7 Symptoms Of Sciatica You Need To Know
Sciatica is a disease that causes pain along the path of the sciatic nerve, which goes from your lower back through your hips and buttocks and down each leg. The pain often starts in the low back and travels down the back of the thigh and calf. Sciatica is typically caused by compression or irritation of the sciatic nerve roots rather than the nerve itself. The most common cause of sciatica, when the sciatic nerve is injured or compressed, this condition develops. And here are 7 key symptoms of sciatica you need to know:
Lower Back and Buttock Pain
The most common symptom of sciatica is pain in the lower back, buttocks and hips. It usually starts slowly and gets worse over time. The pain is usually felt on one side and may be sharp, shooting or burning in nature. Many people describe sciatic pain as similar to an electric shock radiating down the leg. Pain may worsen when sitting, coughing, sneezing or straining.
Leg Pain, Numbness and Tingling
In addition to lower back pain, sciatica sufferers often experience pain that radiates down one leg. This leg pain often travels below the knee and may feel like a burning or stabbing sensation. Numbness, pins and needles sensation or tingling in the leg or foot are also common. The pain may be worse at night and interfere with sleep.
The sciatic nerve gives nerve impulses to the leg and foot muscles. Compression of this nerve can cause weakness in the leg muscles, particularly at the knee or ankle. This muscle weakness may cause difficulty moving the leg or foot and a tendency for the knee or ankle to buckle.
Loss of Reflexes
A neurological test by a doctor often reveals reduced or absent reflexes, such as the knee-jerk reflex. Loss of these reflexes indicates that the nerve impulses traveling along the sciatic nerve are impaired.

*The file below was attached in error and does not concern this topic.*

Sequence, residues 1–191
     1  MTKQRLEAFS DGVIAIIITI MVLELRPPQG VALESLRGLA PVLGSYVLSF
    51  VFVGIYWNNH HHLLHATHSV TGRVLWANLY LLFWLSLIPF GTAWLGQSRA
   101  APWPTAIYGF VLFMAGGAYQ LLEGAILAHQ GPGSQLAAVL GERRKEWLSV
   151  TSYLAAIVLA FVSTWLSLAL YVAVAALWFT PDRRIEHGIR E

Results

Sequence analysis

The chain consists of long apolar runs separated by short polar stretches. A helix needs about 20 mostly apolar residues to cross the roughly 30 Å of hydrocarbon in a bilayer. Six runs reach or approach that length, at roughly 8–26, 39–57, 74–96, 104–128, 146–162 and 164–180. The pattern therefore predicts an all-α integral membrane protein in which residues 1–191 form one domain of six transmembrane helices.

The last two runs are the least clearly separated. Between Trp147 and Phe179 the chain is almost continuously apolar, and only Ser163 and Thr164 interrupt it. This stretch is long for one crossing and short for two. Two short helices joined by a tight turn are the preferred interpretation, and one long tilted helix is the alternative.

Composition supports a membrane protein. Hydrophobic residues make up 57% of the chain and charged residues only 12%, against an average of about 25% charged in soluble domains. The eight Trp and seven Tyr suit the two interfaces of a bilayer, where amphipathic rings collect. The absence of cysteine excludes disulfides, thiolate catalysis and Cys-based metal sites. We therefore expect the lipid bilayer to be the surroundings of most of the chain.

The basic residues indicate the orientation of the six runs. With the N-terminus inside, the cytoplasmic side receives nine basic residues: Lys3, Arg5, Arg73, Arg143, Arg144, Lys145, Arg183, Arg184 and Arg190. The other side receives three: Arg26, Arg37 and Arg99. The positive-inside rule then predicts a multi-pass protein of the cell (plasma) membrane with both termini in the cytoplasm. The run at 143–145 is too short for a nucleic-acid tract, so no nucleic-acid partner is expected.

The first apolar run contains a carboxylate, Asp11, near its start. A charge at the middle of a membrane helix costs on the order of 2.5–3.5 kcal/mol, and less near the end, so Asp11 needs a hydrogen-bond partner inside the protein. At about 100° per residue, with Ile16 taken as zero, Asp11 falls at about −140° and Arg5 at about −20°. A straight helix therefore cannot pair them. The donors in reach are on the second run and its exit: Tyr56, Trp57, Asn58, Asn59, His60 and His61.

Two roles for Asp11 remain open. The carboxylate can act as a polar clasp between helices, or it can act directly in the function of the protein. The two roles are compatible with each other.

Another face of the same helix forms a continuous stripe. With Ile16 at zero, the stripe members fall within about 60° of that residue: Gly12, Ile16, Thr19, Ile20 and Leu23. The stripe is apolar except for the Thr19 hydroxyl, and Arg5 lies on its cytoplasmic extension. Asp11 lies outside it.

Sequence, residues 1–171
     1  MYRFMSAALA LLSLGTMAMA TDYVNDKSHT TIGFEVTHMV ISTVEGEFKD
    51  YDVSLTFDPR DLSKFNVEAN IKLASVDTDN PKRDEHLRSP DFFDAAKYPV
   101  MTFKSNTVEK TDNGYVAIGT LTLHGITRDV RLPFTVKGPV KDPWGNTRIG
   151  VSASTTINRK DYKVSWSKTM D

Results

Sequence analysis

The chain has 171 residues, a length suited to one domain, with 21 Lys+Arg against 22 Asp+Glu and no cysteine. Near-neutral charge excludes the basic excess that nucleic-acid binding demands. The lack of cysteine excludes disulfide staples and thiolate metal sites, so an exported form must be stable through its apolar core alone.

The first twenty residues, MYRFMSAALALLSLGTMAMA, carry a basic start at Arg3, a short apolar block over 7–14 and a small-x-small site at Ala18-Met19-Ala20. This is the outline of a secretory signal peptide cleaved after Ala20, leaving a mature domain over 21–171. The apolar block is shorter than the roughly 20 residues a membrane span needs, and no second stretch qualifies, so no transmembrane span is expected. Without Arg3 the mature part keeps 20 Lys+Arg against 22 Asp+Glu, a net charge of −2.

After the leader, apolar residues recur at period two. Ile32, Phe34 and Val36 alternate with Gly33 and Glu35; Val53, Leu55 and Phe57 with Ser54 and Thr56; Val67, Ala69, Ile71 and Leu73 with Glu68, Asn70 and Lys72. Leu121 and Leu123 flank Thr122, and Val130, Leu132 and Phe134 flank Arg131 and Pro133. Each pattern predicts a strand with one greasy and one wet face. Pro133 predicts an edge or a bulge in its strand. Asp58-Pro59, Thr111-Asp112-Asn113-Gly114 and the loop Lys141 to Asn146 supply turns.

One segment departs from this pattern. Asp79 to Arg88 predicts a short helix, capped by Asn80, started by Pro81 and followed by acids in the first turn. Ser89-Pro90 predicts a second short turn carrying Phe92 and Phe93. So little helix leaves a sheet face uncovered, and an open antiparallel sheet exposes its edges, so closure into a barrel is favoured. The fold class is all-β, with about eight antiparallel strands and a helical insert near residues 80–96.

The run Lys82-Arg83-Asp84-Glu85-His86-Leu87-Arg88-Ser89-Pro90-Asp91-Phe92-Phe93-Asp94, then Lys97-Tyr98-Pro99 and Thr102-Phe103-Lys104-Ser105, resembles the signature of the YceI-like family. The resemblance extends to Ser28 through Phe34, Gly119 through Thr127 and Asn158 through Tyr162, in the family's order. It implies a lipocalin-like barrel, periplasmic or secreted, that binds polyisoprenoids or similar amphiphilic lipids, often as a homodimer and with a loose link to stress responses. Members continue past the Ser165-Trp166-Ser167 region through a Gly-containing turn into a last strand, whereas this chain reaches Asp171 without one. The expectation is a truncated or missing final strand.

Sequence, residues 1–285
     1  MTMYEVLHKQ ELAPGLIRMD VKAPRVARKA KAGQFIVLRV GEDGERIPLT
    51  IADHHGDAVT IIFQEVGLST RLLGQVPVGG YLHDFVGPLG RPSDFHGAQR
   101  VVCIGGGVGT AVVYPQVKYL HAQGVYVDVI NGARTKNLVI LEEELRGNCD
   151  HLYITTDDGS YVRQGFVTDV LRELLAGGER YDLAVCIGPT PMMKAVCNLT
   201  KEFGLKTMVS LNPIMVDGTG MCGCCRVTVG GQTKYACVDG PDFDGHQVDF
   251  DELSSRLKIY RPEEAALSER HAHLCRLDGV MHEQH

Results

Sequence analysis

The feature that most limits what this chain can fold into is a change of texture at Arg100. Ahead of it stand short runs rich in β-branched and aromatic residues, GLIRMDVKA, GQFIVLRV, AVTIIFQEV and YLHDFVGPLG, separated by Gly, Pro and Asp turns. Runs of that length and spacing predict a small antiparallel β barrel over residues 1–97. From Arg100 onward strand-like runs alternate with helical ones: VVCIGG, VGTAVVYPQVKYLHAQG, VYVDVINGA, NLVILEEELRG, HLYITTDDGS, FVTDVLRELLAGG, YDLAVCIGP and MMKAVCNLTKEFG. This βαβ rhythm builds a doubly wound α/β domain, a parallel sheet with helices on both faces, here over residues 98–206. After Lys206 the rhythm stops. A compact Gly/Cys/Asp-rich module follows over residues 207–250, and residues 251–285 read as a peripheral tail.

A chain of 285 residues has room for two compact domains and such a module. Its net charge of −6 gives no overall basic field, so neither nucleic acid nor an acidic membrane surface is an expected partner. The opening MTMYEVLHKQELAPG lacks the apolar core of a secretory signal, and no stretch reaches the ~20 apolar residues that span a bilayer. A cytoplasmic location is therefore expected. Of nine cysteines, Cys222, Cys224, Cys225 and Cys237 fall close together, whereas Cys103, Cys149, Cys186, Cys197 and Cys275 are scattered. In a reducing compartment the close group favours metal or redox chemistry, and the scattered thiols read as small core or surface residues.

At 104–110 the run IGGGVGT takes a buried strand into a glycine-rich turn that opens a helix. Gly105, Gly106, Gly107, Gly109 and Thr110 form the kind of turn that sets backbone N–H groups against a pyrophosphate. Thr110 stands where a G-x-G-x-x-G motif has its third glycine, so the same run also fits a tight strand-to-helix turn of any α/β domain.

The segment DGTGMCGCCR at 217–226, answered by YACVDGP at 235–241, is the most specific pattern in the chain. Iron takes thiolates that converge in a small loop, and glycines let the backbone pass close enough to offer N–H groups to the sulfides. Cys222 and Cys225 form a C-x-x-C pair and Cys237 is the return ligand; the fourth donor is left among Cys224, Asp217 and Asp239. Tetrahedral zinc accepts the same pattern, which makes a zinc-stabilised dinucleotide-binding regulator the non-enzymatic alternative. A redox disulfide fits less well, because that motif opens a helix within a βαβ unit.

Difficulty Standing or Walking
As sciatica progresses, pain and leg weakness can make it increasingly difficult to stand, walk and go about daily activities. People with severe sciatica may be unable to lift the foot at the ankle due to weakness of the anterior tibialis muscle.
Cauda Equina Syndrome
In rare cases, the nerve roots compressed in sciatica include the cauda equina nerves that control bladder and bowel function. Cauda equina syndrome requires emergency treatment to prevent permanent damage and loss of function. Symptoms include inability to urinate, loss of bladder or bowel control and saddle anesthesia (loss of sensation around the groin, buttocks or inner thighs).
Pain After Extended Sitting
Sitting for long periods can aggravate sciatic nerve pain. Prolonged sitting increases pressure on the sciatic nerve roots. People with sciatica often experience spikes in pain after sitting in a car, at a desk or on an airplane for extended times. Stretching the legs by getting up and walking around can help reduce discomfort.
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In Conclusion, radiating lower back and leg pain, numbness, tingling and weakness are hallmark symptoms of sciatica. Severe cases can lead to mobility issues and loss of bladder/bowel control. If you experience any symptoms of sciatic nerve compression, see your doctor for a thorough evaluation and proper treatment. With the right diagnosis and care, most cases of sciatica will resolve over time.